In addition, while Section 504 and the ADA are often interpreted in tandem in the context of students with disabilities, given that they share the same definition of an “individual with a disability” and, generally, the ADA must not be construed to apply a lesser standard than Section 504, the guidance does not expressly interpret the ADA’s effective communication requirements to incorporate the procedural requirements of Section 504.  Notably, unlike Section 504, the guidance states that the ADA regulations “do not designate a particular person or group of people to make the determinations about the provision of auxiliary aids and services under Title II.”  For students also covered under the IDEA, districts may, but need not, delegate that role to the PPT.  If the PPT is involved in determining auxiliary aids and services, it must be sure to understand that the analysis for determining appropriate auxiliary aids and services under the ADA’s effective communication regulation is different than determining FAPE.  The guidance also includes some procedural requirements, including an affirmative obligation for school districts to provide auxiliary aids and services to a student it knows has communication needs and a continuing obligation to assess those students’ communication needs.  In addition, while IDEA evaluation reports may be helpful in providing relevant information, the guidance makes clear that school districts may not wait for such evaluations (including, presumably, evaluations conducted at the direction of a 504 team) before providing auxiliary aids and services in compliance with the effective communication regulation.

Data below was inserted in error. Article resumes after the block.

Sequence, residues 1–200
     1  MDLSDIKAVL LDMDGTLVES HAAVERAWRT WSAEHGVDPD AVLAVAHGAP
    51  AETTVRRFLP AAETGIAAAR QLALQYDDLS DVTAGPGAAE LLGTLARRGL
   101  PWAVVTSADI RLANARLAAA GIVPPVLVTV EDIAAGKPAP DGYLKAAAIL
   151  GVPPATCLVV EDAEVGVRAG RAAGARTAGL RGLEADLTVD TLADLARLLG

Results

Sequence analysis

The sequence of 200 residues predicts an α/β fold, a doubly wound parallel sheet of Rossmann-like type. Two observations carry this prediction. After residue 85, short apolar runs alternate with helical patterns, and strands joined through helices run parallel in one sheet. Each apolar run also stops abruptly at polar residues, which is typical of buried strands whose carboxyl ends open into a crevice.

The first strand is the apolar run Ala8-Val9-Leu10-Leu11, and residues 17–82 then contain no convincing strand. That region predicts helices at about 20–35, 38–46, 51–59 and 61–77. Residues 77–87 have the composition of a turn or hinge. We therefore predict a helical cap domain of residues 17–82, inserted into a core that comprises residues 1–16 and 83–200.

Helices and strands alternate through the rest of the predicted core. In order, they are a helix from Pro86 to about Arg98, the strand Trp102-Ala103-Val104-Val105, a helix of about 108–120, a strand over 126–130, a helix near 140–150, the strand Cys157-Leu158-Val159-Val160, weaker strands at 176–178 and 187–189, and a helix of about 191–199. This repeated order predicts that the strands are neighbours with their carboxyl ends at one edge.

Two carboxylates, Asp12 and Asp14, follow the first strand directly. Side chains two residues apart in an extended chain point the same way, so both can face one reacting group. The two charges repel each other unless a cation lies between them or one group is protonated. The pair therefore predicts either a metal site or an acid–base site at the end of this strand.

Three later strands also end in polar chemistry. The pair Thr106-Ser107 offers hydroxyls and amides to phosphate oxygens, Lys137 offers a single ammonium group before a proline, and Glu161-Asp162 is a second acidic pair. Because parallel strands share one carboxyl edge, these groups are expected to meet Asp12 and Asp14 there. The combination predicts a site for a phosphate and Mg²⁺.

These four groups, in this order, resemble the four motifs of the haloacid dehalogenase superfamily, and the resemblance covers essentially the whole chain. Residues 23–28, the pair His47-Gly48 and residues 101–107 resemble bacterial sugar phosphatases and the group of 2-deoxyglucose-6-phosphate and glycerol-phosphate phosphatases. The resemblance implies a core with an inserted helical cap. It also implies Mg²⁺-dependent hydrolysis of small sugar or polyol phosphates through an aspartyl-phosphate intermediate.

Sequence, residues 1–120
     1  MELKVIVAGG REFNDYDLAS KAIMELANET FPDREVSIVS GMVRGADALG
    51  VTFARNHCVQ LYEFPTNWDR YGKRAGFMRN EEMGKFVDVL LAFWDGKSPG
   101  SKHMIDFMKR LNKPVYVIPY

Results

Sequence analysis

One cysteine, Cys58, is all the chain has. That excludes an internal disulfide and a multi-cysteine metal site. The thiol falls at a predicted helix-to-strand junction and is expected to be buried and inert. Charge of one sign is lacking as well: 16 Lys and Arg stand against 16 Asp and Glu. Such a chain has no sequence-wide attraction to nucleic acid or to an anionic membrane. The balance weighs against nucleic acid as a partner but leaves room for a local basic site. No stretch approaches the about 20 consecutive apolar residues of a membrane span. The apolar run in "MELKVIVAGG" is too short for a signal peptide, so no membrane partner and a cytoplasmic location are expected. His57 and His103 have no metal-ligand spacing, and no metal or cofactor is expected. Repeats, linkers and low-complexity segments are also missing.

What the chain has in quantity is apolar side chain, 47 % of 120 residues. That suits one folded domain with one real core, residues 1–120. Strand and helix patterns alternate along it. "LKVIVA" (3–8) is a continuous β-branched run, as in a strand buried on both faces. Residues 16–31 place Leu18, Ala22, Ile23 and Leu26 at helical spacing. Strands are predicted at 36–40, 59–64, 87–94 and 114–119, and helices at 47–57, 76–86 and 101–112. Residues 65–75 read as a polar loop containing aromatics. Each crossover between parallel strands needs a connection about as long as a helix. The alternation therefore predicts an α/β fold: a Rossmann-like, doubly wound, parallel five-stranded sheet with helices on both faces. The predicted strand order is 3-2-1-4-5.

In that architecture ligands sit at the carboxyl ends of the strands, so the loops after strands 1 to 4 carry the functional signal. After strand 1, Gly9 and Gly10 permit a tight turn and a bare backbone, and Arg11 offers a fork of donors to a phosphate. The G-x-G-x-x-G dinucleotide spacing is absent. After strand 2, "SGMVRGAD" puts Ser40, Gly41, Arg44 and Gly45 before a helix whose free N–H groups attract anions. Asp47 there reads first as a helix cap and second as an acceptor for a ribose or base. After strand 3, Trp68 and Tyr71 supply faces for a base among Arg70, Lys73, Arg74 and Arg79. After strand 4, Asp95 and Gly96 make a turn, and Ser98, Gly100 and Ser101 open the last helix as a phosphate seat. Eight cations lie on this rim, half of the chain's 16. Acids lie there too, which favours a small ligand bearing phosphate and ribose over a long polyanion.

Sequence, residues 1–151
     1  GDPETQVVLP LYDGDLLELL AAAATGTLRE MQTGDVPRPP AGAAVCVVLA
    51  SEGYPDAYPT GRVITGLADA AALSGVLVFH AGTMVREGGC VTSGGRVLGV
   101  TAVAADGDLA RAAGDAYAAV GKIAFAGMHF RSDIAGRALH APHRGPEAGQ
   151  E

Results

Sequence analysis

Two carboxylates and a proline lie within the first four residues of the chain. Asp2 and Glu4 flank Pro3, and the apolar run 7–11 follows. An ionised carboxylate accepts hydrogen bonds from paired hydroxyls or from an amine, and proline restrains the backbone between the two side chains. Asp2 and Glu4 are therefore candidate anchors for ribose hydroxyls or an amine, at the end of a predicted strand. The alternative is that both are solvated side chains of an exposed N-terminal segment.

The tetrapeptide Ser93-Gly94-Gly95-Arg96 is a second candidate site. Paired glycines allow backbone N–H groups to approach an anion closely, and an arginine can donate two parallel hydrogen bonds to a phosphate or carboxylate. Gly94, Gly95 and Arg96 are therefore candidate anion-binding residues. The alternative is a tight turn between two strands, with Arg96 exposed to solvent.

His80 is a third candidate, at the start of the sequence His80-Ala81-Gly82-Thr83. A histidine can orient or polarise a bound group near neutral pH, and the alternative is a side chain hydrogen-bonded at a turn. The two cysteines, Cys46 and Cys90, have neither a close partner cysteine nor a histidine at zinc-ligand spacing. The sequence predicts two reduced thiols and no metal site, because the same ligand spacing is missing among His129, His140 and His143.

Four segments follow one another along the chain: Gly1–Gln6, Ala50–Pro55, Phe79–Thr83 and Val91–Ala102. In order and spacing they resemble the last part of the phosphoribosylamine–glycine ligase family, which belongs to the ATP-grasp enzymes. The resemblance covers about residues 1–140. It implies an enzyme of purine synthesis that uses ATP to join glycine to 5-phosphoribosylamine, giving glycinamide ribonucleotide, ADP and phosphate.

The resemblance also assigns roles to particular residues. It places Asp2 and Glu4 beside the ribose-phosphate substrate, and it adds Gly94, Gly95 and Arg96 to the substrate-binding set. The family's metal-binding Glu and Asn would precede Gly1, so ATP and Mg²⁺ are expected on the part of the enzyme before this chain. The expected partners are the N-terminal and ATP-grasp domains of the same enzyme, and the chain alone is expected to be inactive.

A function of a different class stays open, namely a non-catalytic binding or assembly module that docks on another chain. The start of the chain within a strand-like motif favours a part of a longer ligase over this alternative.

In sum, the guidance emphasizes the federal agencies’ interpretation that the obligations of public schools to meet the communication needs of students with disabilities are different under the IDEA and the ADA and, if a student is eligible under both the IDEA and the ADA, school districts must comply with both the IDEA’s FAPE standard and the ADA’s effective communication regulation.  At times, the special education and related services contained in an IEP to provide FAPE may meet the effective communication requirements, but in some cases they may not.  As a result, school officials should familiarize themselves with the ADA’s effective communication regulation and their obligations to individuals with communication needs.

The guidance is in the form of an introductory Dear Colleague Letter and a more substantive Frequently Asked Questions document.